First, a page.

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Bubbles on the Sun

18 June 2023
Astronomy, Electric Universe, Electromagnetism

At https://spaceweather.com – over the last week or two of early June 2023 we have had solar bubbles puffing up the face of the Sun. Now we have a geomagnetic storm sparked by a CIR – lighting up the earth like a Christmas tree. The The aurora kept pulsing, and each time it subsided it quickly sprang back into life. What are CIRs? They form in the interstices between streams of solar wind – especially when a fast stream flows tthrough slower moving streams. Solar wind plasma piles up – producting structures that mimic CMEs. Some lovely photographs are available to adorn your computer screen.

At https://phys.org/news/2023-06-brightest-gamma-ray-ordinary-supernova.html … we are told this was the brightest of all time – at least over the last couple of decades or so. The brightest of all gamma ray bursts – with an origin in a run of the mill supernova. It was so powerful it sent shock waves through earth’s ionosphere. If the supernova had been somewhat closer to our solar system the burst of gamma rays may have led to serious problems on the surface of the earth. Supernova are thought to represent the death of massive stars – anywhere in the universe. It  contracts and collapses to form a neutron star – or a black hole. Theory of course. What if black holes did not exist?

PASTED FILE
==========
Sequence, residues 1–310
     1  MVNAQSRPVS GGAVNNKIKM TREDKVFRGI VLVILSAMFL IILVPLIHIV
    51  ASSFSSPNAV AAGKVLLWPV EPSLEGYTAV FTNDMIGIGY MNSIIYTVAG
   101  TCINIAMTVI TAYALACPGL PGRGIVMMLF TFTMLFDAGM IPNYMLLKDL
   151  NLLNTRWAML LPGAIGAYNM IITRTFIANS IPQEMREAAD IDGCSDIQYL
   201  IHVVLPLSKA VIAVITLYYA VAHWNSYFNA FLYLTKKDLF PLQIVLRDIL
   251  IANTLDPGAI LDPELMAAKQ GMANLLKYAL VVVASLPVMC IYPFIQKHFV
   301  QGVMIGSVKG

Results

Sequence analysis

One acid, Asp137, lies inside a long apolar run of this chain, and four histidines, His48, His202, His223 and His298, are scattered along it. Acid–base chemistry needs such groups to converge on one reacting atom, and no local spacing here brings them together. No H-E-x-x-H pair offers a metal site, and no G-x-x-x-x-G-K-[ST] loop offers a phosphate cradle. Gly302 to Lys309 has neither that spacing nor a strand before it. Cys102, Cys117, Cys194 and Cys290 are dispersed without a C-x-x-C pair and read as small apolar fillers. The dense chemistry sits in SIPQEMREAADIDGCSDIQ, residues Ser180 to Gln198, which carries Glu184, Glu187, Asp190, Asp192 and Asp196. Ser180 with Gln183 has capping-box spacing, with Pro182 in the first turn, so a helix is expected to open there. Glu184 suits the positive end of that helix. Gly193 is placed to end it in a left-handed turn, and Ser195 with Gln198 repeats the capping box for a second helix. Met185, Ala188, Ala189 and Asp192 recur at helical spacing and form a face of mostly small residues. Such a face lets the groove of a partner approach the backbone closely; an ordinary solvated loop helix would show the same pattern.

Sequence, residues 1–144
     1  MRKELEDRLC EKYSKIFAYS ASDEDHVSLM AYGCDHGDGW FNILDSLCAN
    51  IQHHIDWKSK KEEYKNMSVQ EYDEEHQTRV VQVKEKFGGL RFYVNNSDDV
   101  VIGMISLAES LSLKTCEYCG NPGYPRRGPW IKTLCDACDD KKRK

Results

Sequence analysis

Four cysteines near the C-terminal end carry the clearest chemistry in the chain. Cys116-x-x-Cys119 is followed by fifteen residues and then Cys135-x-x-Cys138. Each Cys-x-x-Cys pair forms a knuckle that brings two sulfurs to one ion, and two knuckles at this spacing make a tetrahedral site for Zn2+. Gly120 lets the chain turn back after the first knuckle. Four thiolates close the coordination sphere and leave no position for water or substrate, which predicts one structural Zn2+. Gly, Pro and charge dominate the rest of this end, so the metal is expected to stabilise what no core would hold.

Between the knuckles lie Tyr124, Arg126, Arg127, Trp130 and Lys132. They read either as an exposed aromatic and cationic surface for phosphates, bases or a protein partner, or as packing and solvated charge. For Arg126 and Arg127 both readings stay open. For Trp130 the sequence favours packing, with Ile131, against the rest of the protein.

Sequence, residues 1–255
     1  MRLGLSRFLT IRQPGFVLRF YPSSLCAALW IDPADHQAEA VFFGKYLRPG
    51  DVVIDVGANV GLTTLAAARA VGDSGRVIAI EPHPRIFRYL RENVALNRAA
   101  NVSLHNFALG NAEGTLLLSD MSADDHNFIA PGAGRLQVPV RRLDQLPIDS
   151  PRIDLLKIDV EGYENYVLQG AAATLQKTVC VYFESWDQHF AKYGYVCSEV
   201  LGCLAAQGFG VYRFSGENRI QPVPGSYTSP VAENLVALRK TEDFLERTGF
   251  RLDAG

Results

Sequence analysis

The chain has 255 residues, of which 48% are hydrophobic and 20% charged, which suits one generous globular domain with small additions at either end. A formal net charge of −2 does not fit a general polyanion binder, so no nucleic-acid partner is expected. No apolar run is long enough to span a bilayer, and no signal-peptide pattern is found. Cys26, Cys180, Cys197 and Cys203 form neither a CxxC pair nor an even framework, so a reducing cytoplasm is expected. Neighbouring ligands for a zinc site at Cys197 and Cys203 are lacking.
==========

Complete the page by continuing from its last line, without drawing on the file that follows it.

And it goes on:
In the process the explosion becomes a swirling disk of gases. Powerful magnetic fields sweep the gases up and beam it away – in two fierce jets. The charged particles spiral around the magnetic fields internal to the jets – moving at the speed of light. Asthe charged particles spin around they induce gamma rays. No wonder scientists are so intrigued. However, the supernova in question tuned out to be surprisingly under whelming. It is no more energetic or brighter than others. The mainstream explanation at the moment, and probably forever, is that the supernova was directly facing our solar system, and therefore the earth. However, it may also mean they have a theory that is lacking. The magnetism is there, and the charged particles – but where is the electricity.

A more intriguing story is at https://phys.org/news/2023-06-sun-coldest-region-secret-million-degree.html … how are temperatures in the Sun’s corona, or upper atmosphere, hundreds of times hotter than at the Sun’s surace? A stdy in Nature Astronomy – see https://doi.org/10.1038/s41550-023-01973-3 … concerns an intense wave of energy from what is regarded as a cool but dark and strongly magnetised plasma region on the  Sun. This dark region is called the sunspot umbra. It is capable of traversing the solar atmosphere and maintaining temperatures of a milion degrees Kelvin in the sun’s corona. The team measured activity detected at active sun spot zones.

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